In the UK, Talk to Frank has been operating the anti-drugs campaign for a long time on its own. Has it managed to get people to quit substance abuse?
The drug education in the entire UK received a total turn around ten years back when the police Swat team ran into a rural kitchen somewhere in the UK. Cautions of how drugs could cause you to become disturbed and impassioned calls to say no to the menacing pushers skulking in every single playground disappeared. Instead, wit and fun including games were embraced.
In the first advertisement a teenager phoned a police team to detain his mother when she proposed that they had a peaceful discussion regarding drugs. The message, "Drugs are illegal. Talking about them isn't. So Talk to Frank", was brand new as well.
Frank: Friendly Confidential Drug Advice
One can actually say that Frank which was a brain child of "Mother" ad firm became the new National Drugs Helpline The idea was to build a reliable "older brother" image that could provide advice to teenagers about banned substances. Entirety from the ventures of Pablo, the canine medications mule, to a visit cycle a mind, distribution centre has been exhibited under the Frank name, making it a natural brand name among the country's youth.
According to Justin Tindall, creative director of Leo Burnett ad agency, the most important thing is that no one could accuse frank of trying to be "down with the kids," or coming out with the wrong attire. Many people have high regard for the YouTube spoof videos of Frank too. One more thing that distinguishes Frank from other government-funded campaigns is that nothing links the ad to the government in anyway whatsoever.
Right from the days of Nancy Reagan, a lot has been done about drugs education, and the Grange Hill cast which a lot of people opine that it did more harm than good, simply encouraged people to "Just Say No" to drugs.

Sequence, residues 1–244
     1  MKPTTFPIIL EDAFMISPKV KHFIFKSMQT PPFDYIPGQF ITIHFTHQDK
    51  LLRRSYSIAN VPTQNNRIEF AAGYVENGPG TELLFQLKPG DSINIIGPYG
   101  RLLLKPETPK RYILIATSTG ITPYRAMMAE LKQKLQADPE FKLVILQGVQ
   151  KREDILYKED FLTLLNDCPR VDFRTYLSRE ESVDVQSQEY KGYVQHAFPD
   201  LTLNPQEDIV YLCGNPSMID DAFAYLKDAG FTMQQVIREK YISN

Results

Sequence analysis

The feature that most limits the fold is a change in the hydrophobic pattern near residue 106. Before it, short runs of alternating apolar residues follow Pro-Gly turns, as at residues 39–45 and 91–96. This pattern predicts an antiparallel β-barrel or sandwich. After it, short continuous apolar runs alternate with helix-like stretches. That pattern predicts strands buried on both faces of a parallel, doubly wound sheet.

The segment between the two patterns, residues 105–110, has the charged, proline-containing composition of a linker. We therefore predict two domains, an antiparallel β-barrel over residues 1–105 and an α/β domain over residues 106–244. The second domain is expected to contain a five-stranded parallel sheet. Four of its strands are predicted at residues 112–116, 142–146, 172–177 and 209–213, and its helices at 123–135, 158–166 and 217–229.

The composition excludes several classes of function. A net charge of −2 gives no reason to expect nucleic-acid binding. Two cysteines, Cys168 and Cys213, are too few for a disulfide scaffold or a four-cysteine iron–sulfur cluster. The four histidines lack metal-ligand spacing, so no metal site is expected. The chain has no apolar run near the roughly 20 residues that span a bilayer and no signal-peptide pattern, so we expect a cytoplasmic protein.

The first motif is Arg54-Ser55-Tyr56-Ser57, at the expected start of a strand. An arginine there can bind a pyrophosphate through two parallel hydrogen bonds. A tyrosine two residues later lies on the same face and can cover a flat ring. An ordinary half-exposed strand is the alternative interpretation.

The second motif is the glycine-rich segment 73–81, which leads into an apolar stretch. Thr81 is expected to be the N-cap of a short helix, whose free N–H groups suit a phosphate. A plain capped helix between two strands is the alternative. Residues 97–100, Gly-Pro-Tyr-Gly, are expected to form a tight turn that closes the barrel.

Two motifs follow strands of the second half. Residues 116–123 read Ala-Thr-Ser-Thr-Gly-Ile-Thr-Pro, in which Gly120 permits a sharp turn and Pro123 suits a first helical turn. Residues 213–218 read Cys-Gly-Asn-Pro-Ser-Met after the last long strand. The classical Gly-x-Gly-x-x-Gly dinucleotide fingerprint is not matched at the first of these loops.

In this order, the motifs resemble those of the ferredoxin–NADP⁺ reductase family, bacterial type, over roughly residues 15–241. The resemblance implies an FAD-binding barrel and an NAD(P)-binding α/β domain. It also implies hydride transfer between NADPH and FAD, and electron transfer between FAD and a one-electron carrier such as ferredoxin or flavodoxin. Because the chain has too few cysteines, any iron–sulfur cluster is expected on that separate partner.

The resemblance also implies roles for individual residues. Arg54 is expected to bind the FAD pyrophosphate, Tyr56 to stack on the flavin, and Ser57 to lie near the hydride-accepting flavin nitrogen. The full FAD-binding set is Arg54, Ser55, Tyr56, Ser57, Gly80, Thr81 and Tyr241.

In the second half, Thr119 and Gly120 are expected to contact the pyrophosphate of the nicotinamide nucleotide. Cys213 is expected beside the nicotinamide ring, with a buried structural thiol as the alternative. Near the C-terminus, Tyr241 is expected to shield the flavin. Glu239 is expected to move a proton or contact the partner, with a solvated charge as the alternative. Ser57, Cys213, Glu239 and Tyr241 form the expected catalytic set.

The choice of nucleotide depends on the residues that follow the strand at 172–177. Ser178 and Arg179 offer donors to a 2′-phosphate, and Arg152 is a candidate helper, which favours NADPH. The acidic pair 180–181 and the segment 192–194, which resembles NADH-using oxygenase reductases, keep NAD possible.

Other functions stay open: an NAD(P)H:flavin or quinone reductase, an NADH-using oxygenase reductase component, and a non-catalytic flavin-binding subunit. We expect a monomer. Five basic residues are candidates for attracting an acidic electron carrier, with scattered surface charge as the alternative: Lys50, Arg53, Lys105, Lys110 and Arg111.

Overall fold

Frank has set the standard, and now most adverts in Europe are using the same format to equip the youth with unbiased facts to help in making their choices. There are still images of prison cells and hurt parents being presented in countries that have strong penalties for drugs possession. You play, you pay is a campaign that was launched in Singapore recently.
Above the Influence is a campaign that mixes jokes and warning stories that the federal government has been using in the UK for a long time; it also offers positive alternatives to drugs. The stress is on chatting to youngsters by using their language - one advertisement depicts a group of "stoners" forsaken on a couch. Though, an unexpected number of anti-drug campaigns all over the globe still resort back to strategies intended to arouse fear or alarm, specifically the substance-fuelled plunge to hell. One typical example was a part of the Canadian DrugsNot4Me program showed an attractive, confident young woman then into a wasting, hollow eyes shadow at the hand of drugs.
Inquire about into a UK anti-drugs movements in the vicinity of 1999 and 2004 proposes promotions demonstrating the antagonistic impacts of medication mishandle can regularly empower youngsters "on the edges of society" to explore different avenues regarding drugs.
Frank was ground-breaking and criticised by Conservative politicians at the time because they felt it suggest that there were some good things to go along with all the bad about drugs.
"Cocaine makes you feel on top of the world" was used in one of the early internet ad campaigns.
Hitting the middle road with an ad to give the right message always proved to be a challenge. Matt Powell was the creative director of digital agency Profero, the company that came up with the cocaine ad; he now thinks he miscalculated the time an average user spends on browsing the internet. It is difficult for some to view the ad till the last point where the dangers of drug use were listed. The idea behind the ad according to Powell is to make the Frank brand a more honest one by being sincere to teenagers about drugs.
One survey said that 67 percent of young people would call Frank if they needed advice about drugs. A total of 225,892 calls were made to the Frank helpline and a total of 3,341,777 visits to the site in 2011/12. For him, this shows that the campaign is very successful.
Though, like with any other anti-drug media campaign around the globe, there's no proof that Frank has stopped people to use substances.
Substance use in the United Kingdom has decreased by 9% in the ten years since the campaign was introduced, though the pros say a lot of this is because of a decline in the use of cannabis use, probably connected to younger people's changing attitudes towards smoking tobacco.
What Is Frank?
FRANK is a nationwide drug education programme designed and run by the British government's Department of Health in collaboration with the Home Office in 2003. It was designed to lower the rate of both legal and illegal drug use by providing education to teenagers and young people about what the effects of using drug and alcohol could be. It has had several media campaigns on the Internet and the radio.